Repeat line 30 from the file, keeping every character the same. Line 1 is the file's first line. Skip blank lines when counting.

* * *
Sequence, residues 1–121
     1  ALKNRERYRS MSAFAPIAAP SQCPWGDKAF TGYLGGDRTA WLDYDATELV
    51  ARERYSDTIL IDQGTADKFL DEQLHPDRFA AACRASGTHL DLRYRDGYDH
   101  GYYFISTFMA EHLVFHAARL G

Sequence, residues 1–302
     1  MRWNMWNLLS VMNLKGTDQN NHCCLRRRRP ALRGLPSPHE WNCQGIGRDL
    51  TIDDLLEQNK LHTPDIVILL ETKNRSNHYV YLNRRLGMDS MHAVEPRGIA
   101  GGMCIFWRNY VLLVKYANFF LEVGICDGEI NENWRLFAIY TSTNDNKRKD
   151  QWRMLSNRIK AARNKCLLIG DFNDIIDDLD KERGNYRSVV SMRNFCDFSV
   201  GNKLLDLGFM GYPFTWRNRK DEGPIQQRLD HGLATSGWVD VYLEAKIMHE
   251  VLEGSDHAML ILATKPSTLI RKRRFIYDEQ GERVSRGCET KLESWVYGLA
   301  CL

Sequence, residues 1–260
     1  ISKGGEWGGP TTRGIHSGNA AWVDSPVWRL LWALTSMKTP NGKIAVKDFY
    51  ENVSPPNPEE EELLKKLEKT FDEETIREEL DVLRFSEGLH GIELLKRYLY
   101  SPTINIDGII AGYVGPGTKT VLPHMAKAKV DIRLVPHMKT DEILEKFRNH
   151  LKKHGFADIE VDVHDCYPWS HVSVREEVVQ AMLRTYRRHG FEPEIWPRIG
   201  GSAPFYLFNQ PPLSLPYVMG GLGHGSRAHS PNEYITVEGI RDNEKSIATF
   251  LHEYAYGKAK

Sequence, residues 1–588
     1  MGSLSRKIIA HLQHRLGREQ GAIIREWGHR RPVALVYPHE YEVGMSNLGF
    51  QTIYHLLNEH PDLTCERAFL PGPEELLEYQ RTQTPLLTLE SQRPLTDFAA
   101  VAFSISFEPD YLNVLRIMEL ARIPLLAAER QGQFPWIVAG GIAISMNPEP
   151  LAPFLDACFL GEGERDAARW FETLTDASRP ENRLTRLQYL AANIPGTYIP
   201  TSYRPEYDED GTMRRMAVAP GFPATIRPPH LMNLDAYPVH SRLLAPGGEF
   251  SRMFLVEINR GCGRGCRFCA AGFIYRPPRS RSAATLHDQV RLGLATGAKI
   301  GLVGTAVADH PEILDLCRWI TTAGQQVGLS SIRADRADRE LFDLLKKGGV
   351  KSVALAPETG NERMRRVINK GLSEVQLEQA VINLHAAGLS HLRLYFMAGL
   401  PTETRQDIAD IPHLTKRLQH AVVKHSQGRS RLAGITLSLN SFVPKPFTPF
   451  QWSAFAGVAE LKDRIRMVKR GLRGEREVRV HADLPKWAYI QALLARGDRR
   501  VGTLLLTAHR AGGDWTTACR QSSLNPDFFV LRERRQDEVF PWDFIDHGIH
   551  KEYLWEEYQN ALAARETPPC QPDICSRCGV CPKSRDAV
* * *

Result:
   451  QWSAFAGVAE LKDRIRMVKR GLRGEREVRV HADLPKWAYI QALLARGDRR